return c;


code for foo unoptimized
Code for foo() (Unoptimized)


addi sp, sp, -20 # Allocate stack

stw ra, 16(sp) # Store return address

stw fp, 12(sp) # Store frame pointer

mov fp, sp # Frame ptr is new SP

stw r4, 0(fp) # Save a on stack

stw r5, 4(fp) # Save b on stack

ldw r4, 4(fp) # Fetch b

ldw r5, 0(fp) # Fetch a

call bar # Call bar()

stw r2, 8(fp) # Store result in c

ldw r2, 8(fp) # Return value in r2=c

ldw ra, 16(sp) # Restore return address

ldw fp, 12(sp) # Restore frame pointer

addi sp, sp, 20 # Release stack space

ret # Return

code for foo optimized
Code for foo() (Optimized)


addi sp, sp, -4 # Allocate stack space

stw ra, 0(sp) # Store return address

mov r2, r4 # Swap arguments r4,r5

mov r4, r5 # using r2 as temporary

mov r5, r2

call bar # Call (return in r2)

ldw ra, 0(sp) # Restore return addr

addi sp, sp, 4 # Release stack space


  • A named collection of codes
    • A function is compiled only once. On calling that function, the processor has to save the context, and on return restore the context
    • Preprocessor puts macro code at every place where the macro-name appears. The compiler compiles the codes at every place where they appear.
  • Function versus macro:
    • Time: use function when Toverheads << Texec, and macro when Toverheads ~= or > Texec, where Toverheads is function overheads (context saving and return) and Texec is execution time of codes within a function
    • Space: similar argument
features in increasing cost
Features in Increasing Cost

1. Integer arithmetic

2. Pointer access

3. Simple conditionals and loops

4. Static and automatic variable access

5. Array access

6. Floating-point with hardware support

7. Switch statements

8. Function calls

9. Floating-point emulation in software

10. Malloc() and free()

11. Library functions (sin, log, printf, etc.)

12. Operating system calls (open, sbrk, etc.)

  • The type of a variable determines what kinds of values it may take on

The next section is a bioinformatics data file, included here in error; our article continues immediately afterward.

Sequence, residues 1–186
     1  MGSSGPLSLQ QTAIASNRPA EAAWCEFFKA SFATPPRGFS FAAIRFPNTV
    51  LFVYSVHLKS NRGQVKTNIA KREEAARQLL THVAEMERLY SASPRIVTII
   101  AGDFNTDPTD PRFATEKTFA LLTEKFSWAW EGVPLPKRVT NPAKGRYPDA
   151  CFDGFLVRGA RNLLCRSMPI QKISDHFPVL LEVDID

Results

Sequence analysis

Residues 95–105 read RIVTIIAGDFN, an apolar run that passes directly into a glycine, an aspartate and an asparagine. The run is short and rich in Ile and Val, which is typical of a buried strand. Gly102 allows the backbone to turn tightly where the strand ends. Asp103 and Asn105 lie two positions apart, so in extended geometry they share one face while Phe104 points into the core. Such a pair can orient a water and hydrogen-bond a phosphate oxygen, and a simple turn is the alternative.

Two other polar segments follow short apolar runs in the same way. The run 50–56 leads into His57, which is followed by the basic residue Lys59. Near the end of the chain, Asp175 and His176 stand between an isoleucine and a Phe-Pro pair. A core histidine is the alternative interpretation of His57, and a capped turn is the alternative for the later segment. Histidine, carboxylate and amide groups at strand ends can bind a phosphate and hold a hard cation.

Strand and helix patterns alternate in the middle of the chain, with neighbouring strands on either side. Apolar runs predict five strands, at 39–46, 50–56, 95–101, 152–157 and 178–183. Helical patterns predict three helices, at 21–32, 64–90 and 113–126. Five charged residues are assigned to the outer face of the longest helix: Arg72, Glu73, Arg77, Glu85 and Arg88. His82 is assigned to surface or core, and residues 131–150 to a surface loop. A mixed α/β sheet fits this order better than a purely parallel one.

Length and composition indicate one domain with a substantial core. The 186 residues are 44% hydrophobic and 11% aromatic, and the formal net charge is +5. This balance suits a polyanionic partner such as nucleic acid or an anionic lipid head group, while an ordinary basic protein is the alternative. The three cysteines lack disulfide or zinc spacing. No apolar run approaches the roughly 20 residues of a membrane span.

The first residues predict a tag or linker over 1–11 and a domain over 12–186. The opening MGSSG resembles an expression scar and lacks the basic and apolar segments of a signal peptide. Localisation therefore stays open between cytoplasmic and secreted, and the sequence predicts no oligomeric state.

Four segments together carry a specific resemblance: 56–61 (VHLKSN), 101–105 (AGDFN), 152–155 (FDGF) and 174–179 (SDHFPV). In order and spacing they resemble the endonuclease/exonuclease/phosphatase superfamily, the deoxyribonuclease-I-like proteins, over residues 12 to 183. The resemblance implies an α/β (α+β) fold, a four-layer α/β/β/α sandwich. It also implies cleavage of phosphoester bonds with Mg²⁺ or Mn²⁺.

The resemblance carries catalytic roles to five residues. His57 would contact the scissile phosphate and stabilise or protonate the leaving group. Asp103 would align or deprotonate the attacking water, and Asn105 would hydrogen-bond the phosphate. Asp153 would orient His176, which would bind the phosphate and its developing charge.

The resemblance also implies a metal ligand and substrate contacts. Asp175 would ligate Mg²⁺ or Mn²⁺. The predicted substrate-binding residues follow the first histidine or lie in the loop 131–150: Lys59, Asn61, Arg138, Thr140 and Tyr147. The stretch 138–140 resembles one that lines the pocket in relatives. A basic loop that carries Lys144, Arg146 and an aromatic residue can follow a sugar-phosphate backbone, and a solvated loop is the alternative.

• The greatest savings in code size and execution time can be made by choosing the most appropriate data type for variables, e.g.,
    • Natural data size for an 8-bit MCU is an 8-bit variable
    • While C preferred data type is ‘int’, in 16-bit and 32-bit architectures, there are needs to address either 8- or 16-bits data efficiently
    • Double precision and floating point should be avoided wherever efficiency is important
data type selection
Data Type Selection
  • Mind the architecture
    • Same C source code could be efficient or inefficient
    • Should keep in mind the architecture’s typical instruction size and choose the appropriate data type accordingly
  • 3 rules for data type selection:
    • Use the smallest possible type to get the job done
    • Use unsigned type if possible
    • Use casts within expressions to reduce data types to the minimum required
  • Use typedefs to get fixed size
    • Change according to compiler and system
    • Code is invariant across machines
storage classes in c
Storage Classes in C

/* fixed address: visible to other files */

int global_static;

/* fixed address: visible within file */

static int file_static;

/* parameters always stacked */

int foo(int auto_param) {

/* fixed address: only visible to func */

static int func_static;

/* stacked: only visible to function */

int auto_i, auto_a[10];

/* array explicitly allocated on heap */

double *auto_d=malloc(sizeof(double)*5);

/* return value in register or stacked */

return auto_i;


static variables
Static Variables
  • When applied to variables, “static” means:
    • A variable declared static within body of a function maintains its value between function invocations
    • A variable declared static within a module, but outside the body of a function, is accessible by all functions within that module
  • For embedded systems:
    • Encapsulation of persistent data
    • Modular coding (data hiding)
    • Hiding of internal processing in each module
  • Note that static variables are stored globally, and not on the stack
volatile variables